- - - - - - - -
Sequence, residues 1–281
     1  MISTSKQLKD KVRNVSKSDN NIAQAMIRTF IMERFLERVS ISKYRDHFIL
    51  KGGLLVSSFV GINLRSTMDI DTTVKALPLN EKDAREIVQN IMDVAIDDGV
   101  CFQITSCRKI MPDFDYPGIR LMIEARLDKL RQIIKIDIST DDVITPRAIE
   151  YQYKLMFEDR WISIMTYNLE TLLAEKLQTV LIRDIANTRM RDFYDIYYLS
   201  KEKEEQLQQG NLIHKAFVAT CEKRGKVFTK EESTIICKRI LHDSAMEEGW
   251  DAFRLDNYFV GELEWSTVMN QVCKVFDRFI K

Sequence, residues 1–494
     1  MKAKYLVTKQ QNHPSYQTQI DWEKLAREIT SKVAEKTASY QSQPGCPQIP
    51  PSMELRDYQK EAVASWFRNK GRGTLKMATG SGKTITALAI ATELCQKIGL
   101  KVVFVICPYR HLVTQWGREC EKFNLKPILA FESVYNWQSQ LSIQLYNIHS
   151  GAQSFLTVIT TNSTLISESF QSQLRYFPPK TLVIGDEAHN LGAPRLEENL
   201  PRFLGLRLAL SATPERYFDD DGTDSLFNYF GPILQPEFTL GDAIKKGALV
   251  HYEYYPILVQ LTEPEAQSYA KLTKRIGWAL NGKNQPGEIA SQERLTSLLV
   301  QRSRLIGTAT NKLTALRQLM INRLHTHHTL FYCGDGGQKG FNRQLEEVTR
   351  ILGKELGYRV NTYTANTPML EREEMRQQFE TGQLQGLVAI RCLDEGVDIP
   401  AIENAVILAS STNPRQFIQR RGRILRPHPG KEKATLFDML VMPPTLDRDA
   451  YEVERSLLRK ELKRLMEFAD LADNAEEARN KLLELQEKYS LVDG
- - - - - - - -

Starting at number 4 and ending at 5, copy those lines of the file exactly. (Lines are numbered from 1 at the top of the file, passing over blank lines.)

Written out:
   101  CFQITSCRKI MPDFDYPGIR LMIEARLDKL RQIIKIDIST DDVITPRAIE
   151  YQYKLMFEDR WISIMTYNLE TLLAEKLQTV LIRDIANTRM RDFYDIYYLS